‘No. I'm fine.' Colin's red-rimmed eyes were fixed on the wall of the school corridor next to Nick's head.

‘Are you sure? You look awful.'

‘Positive. I didn't get much sleep last night.' Colin glanced briefly at Nick's face before he went back to staring doggedly at the wall. Nick stifled a snort. Since when had lack of sleep mattered to Colin? ‘Were you out somewhere?'

Colin shook his head and his dreadlocks swung back and forth.

‘Fine. But if it's your dad again, and he's —'

‘It's not my dad, okay?' Colin pushed past Nick and walked into the classroom, but he didn't sit down at his desk. Instead he strolled over to Dan and Alex, who were standing by the window, absorbed in conversation.

Dan and Alex? Nick blinked in disbelief. The two of them were so uncool that Colin always called them ‘the Girl Guides'.

Girl Guide number one, Dan, was distinctly on the short side, and you got the impression he was trying to make up for it with his exceptionally fat behind, which he loved to scratch. Guide number two, Alex, had a face that changed from couch-potato white to stop-sign red in record time every time someone spoke to him. Every time.

Was Colin intending to go for the role of Girl Guide number three?

‘I don't get it,' Nick muttered.

‘Talking to yourself?' Jamie had come up behind him, slapped him on the back and sent his tatty bag skidding right across the classroom. He grinned at Nick, revealing a set of the crookedest teeth to be found in the school.

‘Talking to yourself is a bad sign. One of the first symptoms of schizophrenia. Are you hearing voices as well?'

‘Rubbish!' Nick gave Jamie a friendly shove. ‘It's just that Colin's getting friendly with the Guides.'

He glanced over again, and did a double take. Hang on. That wasn't getting friendly – that was grovelling. Colin's face wore a pleading expression that was completely new. Instinctively Nick moved a couple of steps closer.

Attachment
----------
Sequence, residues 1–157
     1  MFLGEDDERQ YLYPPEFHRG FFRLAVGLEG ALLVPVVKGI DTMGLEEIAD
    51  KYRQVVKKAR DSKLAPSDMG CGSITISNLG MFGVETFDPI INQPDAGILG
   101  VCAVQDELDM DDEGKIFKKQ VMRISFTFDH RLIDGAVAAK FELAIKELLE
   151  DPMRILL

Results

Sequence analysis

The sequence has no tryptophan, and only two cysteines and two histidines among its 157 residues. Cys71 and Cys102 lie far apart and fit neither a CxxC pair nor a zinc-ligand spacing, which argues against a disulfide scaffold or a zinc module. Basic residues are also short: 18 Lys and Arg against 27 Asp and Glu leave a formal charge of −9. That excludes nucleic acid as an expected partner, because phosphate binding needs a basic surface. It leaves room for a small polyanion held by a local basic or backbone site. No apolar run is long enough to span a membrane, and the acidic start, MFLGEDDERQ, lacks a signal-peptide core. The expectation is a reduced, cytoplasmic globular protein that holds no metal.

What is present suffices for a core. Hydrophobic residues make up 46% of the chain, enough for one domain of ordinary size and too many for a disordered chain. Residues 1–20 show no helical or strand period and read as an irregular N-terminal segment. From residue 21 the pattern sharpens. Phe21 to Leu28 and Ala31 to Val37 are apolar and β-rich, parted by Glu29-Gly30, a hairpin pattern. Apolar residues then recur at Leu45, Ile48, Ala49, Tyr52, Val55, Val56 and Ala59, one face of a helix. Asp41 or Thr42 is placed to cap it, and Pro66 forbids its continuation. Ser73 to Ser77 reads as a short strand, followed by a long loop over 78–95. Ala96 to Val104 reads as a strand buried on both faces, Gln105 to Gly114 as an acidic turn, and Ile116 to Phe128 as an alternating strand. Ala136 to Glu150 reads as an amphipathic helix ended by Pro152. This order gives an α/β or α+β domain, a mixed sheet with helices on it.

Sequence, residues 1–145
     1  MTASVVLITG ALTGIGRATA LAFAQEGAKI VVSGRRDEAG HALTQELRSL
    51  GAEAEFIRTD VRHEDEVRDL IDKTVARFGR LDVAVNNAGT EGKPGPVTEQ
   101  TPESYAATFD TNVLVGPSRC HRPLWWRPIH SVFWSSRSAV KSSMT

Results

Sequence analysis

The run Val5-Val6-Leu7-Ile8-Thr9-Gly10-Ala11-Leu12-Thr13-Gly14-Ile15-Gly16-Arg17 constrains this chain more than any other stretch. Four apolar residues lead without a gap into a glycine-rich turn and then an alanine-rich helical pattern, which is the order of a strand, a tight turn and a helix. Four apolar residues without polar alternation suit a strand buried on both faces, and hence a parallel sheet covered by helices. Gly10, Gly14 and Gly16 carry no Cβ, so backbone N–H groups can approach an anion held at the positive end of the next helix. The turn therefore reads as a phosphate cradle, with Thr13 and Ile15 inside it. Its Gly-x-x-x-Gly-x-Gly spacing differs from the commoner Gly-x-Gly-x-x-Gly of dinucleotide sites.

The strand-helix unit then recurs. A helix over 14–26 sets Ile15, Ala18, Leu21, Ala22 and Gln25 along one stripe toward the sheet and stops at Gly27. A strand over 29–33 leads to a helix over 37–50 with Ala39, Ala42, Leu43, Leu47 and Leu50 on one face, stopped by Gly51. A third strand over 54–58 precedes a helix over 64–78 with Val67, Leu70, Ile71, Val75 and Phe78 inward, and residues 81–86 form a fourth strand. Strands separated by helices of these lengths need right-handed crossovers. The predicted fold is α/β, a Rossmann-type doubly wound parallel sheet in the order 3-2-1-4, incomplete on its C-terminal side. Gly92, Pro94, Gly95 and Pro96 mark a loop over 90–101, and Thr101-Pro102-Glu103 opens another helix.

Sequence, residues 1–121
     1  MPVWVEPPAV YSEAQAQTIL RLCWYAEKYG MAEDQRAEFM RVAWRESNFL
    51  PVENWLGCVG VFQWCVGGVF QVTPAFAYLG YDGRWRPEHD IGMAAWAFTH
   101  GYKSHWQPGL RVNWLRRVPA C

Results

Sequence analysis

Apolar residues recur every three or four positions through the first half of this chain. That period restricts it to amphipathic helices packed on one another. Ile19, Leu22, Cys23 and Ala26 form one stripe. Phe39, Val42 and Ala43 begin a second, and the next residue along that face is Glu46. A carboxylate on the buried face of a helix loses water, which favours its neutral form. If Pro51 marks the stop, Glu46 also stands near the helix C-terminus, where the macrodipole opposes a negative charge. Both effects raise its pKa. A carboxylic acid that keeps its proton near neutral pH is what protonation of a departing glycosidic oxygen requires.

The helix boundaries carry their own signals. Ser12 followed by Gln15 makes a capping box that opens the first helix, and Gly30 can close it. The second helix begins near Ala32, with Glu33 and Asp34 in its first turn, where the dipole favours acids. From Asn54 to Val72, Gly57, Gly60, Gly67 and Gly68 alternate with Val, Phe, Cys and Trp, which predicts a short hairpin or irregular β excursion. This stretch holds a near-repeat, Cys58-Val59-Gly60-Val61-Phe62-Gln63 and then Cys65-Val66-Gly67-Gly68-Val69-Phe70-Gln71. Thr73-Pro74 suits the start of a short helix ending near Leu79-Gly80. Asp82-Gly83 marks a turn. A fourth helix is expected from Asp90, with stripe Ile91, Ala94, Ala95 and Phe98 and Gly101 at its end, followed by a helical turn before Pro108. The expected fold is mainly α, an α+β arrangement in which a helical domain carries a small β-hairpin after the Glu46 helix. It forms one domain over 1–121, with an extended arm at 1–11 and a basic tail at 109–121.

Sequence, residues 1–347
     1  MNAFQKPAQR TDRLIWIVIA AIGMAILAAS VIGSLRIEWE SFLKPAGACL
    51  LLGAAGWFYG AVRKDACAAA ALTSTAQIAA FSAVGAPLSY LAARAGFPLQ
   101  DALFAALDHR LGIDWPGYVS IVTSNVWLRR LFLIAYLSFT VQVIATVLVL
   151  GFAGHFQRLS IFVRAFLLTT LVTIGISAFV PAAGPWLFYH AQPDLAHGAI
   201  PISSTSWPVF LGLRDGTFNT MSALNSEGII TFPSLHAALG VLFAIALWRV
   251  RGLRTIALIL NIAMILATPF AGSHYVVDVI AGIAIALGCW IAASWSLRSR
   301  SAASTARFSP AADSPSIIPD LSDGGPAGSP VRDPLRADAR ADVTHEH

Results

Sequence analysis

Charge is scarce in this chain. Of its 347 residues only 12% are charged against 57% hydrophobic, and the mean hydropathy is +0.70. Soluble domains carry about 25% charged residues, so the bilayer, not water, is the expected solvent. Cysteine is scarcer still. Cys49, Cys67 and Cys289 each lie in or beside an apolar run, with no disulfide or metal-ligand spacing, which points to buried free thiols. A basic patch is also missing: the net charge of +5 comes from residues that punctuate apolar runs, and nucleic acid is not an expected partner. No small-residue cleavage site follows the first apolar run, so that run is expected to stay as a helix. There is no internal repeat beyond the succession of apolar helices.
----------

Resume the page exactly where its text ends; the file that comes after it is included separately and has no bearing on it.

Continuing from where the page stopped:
‘I don't see what the problem is if you give me a few tips,' he heard his friend say.

‘I can't do that. Stop making a fuss – you know that perfectly well,' said Dan and crossed his arms over his flabby belly. He had egg yolk stuck on his school tie.

‘Hey, come on, it's no big deal. And I'm not going to dob you in.' While Alex was looking at Dan uncertainly, it was clear from Dan's face how much he was enjoying the situation.

‘Forget it. You're always so full of it – you'll have to figure your way out of this yourself.'

‘At least —'

‘No. Just shut your trap, Colin!'

Any second now. Any second Colin would take Dan by the shoulder and send him flying across the aisle. Any second.

But Colin lowered his head and gazed at the tips of his shoes. Something was fishy. Nick strolled over to the window and joined the threesome.

‘So, what's going on with you guys?'

‘Did you want something?' Dan asked belligerently.

Nick looked back and forth from him to the other two. ‘Not from you,' he replied. ‘Only from Colin.'

‘Are you blind? He's busy right now.'

Now Nick was stunned. Just who did this guy think he was?